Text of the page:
While I was roasting the onions, tomatoes and peppers for the red and green rice, I thought about how Louisiana gatherings always have food as a centerpiece.  I wondered about what, “they” did in other places in comparison to here and thought it might make an interesting article.  I was concerned that a funeral topic might be inappropriate.  I shared my thoughts about the topic with my friend, Theresa and she thought it was a really good idea.  She said, “I think the way funerals are conducted here, with a reception afterwards and plenty of food is a warm comfort and a beautiful loving thing.”

roasted peppers, tomatoes, onions and garlic
I roasted the peppers, onions, garlic and tomatoes on the grill outside

I, “Googled,” FUNERALS LOUISIANA.  Not surprisingly, the top few links had to do with jazz funerals.   In New Orleans, the jazz funeral is a tradition.  That sometimes extends to other areas but is centered in New Orleans.  Other than that, the results were mostly funeral homes.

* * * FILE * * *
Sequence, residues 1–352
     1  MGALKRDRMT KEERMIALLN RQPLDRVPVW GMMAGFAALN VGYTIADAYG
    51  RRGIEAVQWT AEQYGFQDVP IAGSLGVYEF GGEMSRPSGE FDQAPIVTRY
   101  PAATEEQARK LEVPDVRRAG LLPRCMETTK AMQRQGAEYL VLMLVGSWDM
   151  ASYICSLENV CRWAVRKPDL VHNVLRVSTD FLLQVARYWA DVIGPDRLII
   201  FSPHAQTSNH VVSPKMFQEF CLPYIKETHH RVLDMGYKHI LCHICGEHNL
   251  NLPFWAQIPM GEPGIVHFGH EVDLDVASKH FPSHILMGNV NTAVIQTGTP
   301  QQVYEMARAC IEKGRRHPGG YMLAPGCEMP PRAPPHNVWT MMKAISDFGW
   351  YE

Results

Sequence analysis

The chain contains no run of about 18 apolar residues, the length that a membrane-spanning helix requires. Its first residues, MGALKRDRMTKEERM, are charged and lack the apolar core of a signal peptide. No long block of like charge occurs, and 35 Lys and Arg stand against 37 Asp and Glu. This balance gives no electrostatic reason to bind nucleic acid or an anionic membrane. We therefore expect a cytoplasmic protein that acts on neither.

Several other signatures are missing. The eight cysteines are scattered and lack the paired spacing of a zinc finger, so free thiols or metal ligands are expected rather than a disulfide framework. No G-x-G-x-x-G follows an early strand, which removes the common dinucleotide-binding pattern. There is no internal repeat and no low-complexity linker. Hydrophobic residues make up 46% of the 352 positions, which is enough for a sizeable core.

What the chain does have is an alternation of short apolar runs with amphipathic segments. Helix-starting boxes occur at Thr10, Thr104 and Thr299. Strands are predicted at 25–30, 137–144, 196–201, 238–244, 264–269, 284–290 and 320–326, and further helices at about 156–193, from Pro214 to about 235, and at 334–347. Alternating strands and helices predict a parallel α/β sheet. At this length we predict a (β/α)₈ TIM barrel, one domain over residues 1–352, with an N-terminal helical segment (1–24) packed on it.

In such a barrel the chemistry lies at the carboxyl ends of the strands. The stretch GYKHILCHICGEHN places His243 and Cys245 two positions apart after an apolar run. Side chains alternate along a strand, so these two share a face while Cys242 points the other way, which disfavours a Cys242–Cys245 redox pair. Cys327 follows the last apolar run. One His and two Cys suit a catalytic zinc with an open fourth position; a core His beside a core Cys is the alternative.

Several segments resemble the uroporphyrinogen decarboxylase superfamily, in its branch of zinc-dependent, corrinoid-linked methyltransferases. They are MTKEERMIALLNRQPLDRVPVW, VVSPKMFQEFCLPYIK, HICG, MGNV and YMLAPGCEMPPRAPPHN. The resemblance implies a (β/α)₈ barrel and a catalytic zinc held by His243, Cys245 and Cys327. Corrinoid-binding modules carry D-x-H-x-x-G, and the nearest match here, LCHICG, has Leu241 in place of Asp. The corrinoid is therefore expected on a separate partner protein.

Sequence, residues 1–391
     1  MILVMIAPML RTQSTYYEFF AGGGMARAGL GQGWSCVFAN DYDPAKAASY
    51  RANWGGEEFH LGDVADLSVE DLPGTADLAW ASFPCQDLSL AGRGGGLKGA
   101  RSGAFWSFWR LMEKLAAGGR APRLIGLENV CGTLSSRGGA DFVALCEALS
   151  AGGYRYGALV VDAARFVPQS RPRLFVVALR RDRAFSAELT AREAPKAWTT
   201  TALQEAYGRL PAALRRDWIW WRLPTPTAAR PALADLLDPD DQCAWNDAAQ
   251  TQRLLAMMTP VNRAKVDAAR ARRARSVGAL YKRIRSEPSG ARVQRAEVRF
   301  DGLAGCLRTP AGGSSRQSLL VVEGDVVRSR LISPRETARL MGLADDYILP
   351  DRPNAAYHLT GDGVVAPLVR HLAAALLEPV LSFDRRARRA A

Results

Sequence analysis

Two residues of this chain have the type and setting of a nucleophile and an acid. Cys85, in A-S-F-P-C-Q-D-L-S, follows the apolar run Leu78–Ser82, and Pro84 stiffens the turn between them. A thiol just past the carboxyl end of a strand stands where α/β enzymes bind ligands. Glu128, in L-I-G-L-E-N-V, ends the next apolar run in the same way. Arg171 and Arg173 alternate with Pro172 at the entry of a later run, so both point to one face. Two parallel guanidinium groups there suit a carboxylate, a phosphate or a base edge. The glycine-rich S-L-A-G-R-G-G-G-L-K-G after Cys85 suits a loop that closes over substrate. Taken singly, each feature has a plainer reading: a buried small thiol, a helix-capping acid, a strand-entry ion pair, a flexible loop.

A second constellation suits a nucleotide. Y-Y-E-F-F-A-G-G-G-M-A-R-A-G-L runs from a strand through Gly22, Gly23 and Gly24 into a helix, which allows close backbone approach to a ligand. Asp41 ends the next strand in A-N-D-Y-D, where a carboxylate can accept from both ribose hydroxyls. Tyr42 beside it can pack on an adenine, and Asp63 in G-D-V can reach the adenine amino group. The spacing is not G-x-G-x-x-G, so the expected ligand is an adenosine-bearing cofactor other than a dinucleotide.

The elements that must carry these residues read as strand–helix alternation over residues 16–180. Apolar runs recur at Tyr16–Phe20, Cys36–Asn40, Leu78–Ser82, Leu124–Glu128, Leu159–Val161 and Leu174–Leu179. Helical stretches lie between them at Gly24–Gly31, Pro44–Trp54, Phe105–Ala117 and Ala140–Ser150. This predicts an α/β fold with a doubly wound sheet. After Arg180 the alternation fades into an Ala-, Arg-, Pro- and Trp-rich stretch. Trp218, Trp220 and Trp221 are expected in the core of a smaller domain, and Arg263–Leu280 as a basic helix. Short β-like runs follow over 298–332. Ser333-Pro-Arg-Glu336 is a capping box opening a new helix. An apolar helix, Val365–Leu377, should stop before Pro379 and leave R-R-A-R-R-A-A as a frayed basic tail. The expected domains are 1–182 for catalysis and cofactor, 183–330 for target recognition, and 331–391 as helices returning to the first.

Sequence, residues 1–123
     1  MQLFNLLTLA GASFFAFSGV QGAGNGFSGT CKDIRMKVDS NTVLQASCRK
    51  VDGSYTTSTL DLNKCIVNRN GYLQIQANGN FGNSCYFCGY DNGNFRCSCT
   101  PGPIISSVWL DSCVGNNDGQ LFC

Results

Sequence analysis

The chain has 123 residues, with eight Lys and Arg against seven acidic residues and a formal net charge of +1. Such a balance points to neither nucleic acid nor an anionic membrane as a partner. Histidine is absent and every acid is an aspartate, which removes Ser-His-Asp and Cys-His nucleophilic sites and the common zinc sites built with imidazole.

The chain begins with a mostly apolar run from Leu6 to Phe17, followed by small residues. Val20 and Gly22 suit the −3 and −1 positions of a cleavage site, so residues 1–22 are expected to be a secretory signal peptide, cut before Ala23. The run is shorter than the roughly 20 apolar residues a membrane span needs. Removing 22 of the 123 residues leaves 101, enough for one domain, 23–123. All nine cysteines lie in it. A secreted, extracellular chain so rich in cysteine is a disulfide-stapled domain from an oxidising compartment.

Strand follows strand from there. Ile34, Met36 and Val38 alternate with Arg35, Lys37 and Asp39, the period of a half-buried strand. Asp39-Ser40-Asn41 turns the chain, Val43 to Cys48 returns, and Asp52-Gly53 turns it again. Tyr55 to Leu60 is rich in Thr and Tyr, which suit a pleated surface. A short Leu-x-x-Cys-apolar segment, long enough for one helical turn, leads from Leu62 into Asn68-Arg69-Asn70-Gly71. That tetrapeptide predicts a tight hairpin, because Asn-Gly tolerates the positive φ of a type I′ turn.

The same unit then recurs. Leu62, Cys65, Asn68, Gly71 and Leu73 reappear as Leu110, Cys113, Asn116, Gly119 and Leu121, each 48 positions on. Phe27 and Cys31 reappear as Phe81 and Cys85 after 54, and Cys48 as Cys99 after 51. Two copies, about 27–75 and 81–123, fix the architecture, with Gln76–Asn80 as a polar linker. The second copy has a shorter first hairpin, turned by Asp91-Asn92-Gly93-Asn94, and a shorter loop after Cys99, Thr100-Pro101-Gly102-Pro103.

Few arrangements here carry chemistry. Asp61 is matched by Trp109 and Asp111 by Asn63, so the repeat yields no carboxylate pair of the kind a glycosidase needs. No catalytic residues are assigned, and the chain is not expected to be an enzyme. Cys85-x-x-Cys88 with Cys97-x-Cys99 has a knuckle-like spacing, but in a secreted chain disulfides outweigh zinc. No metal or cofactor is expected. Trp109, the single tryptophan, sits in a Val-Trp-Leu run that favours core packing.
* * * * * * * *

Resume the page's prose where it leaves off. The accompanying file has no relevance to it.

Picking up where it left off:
I must confess that I have never been to a funeral in a state other than Louisiana.  I have seen them in movies, of course.  One of my favorite funeral scenes is in the movie, Elizabethtown.  The family is all gathered at Paula Deen’s (for those of you who have not seen the movie, she does not play herself, but a relative of Orlando Bloom’s character.)  There’s a very funny moment in the scene when a mischievous little boy gets into trouble.  Although that gathering isn’t immediately after a funeral ceremony, it’s very much like what happens here when someone dies…family chaos included.